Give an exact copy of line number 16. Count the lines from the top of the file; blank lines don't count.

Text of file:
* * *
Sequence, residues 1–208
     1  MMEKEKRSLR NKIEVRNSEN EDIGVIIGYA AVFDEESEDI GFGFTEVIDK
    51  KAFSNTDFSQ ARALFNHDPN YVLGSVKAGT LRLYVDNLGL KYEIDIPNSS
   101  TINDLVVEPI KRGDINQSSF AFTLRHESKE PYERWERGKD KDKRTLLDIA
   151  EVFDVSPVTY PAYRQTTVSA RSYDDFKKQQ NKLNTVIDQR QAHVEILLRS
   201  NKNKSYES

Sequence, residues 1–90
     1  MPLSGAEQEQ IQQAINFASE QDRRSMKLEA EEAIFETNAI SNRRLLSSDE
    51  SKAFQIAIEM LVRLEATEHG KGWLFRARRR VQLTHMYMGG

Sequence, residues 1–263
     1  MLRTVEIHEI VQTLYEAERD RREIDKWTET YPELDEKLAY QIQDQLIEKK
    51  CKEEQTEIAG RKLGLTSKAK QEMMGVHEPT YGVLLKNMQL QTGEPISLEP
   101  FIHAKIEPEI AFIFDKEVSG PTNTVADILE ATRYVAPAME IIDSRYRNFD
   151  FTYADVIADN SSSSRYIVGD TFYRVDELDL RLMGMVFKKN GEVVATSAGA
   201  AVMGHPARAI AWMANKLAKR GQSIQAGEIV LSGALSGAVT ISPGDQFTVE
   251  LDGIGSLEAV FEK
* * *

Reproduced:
   251  LDGIGSLEAV FEK